Monitoring seizures has just gotten a bit easier thanks to a new, ultrathin, ultraflexible implant. The implant is fully loaded with sensors that record all of the electrical currents that occur in the brain during a seizure. This new device records with almost 50 times better resolution than what was previously available with other devices.
This amount of details could help to revolutionize epilepsy treatment by making it possible for patients to have less invasive procedures as a means of detecting and treating their seizures. It could also help to create a better understanding of how the brain functions and give a better means of access to the brain through computer interfaces. This could help patients who aren’t responding very well to medications like Topamax have a chance to find out where their seizures are starting from so that this area of the brain can be removed through surgery. Normally, this kind of surgery takes place with a doctor removing an area of the skull and putting a bulky sensor on the surface of the frontal cortex.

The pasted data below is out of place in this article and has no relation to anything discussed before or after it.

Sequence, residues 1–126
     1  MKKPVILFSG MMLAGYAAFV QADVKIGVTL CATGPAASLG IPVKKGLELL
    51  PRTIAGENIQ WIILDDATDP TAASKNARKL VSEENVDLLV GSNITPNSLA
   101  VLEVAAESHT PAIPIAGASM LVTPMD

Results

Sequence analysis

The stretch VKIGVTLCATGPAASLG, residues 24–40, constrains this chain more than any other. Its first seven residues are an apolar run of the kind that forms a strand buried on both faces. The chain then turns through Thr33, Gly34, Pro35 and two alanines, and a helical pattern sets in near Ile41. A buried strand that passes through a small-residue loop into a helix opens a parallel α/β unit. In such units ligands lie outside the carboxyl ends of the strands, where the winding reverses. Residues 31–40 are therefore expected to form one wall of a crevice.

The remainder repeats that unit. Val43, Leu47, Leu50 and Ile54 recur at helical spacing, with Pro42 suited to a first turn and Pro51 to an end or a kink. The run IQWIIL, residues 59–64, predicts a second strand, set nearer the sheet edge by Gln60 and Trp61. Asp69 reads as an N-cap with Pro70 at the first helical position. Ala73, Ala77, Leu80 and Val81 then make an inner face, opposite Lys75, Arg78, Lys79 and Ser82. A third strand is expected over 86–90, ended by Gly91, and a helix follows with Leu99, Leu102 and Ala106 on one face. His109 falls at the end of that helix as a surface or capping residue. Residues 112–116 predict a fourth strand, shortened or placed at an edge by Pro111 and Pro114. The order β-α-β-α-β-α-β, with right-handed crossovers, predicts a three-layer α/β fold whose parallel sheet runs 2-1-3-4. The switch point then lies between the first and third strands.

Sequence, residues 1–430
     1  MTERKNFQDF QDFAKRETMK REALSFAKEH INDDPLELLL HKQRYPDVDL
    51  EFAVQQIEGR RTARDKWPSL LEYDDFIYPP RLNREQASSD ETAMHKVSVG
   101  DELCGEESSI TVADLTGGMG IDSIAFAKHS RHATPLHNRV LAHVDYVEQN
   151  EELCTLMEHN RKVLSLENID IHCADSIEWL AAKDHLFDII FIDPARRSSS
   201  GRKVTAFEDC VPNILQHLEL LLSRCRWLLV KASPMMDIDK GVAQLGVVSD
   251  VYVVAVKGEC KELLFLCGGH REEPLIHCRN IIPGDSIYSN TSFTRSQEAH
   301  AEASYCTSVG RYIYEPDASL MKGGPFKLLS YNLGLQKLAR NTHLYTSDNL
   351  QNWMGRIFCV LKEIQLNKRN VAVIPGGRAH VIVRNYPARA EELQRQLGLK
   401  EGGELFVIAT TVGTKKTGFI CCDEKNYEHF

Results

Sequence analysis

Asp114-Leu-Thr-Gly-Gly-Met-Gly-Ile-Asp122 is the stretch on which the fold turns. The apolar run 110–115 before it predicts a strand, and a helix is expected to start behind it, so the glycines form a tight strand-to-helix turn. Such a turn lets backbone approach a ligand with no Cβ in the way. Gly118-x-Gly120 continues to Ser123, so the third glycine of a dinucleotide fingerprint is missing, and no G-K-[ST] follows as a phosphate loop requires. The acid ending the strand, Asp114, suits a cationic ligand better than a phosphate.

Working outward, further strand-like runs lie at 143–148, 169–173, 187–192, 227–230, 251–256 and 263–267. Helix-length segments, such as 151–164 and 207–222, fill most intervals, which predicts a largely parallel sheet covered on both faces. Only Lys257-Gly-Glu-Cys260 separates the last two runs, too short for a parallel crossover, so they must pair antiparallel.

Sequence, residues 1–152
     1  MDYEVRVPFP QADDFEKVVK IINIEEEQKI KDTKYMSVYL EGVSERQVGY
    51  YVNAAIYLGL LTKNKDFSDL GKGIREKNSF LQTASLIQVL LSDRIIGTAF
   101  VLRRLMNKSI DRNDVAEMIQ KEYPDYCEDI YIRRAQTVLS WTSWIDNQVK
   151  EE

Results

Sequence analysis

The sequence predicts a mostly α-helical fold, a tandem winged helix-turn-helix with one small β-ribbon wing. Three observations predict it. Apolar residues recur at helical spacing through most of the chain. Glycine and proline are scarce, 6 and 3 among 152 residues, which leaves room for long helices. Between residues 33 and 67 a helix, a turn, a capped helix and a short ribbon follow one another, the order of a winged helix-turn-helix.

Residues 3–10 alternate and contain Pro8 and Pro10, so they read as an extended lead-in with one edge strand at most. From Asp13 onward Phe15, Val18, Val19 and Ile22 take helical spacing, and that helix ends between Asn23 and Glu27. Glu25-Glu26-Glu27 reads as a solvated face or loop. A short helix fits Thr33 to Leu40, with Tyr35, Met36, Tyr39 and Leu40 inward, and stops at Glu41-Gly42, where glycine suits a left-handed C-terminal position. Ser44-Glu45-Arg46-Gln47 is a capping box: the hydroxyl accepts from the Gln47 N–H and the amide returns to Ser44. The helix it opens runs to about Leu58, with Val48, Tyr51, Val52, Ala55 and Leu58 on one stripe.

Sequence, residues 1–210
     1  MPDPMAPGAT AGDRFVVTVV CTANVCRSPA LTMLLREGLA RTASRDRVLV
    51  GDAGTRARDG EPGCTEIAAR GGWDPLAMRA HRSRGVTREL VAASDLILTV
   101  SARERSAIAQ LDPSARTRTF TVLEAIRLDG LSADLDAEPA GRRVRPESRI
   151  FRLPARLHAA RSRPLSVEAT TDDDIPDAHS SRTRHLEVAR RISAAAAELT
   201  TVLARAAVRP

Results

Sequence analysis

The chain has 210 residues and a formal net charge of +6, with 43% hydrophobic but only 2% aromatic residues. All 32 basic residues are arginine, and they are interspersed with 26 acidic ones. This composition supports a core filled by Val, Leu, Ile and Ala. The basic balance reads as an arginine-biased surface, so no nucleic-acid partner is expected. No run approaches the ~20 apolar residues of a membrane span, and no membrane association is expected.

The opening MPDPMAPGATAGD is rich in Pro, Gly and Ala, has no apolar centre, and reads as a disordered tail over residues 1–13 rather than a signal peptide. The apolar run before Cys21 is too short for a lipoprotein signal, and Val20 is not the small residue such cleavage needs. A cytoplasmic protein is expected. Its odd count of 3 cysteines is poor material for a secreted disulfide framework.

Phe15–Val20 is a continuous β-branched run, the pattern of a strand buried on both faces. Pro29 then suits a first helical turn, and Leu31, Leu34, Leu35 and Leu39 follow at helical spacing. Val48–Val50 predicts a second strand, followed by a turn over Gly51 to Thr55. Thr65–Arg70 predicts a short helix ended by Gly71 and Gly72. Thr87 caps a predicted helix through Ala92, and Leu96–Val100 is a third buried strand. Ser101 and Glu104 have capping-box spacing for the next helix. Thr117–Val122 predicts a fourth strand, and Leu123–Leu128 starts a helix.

Brian Litt, the epilepsy specialist and bioengineer at the University of Pennsylvania who led the research, says, “These clinical devices haven’t changed much since the ’50s or ’60s. (The previous) device shows just how far technology has advanced in the treatment of seizures.”
It is clear that this new technique can play a key role in figuring out just how the functional networks in the brain work and may even be able to help cure some diseases. This device can potentially help to make dangerous drugs like Topamax unnecessary, which will help some patients avoid some of the drug’s harmful side effects, which include birth defects in babies whose mothers take the drug while pregnant.
If your baby has been born with birth defects after being exposed to Topamax, contact attorney Greg Jones today for a free consultation. I am experienced in fighting Topamax lawsuits and may be able to help you recover money for your baby’s injuries.
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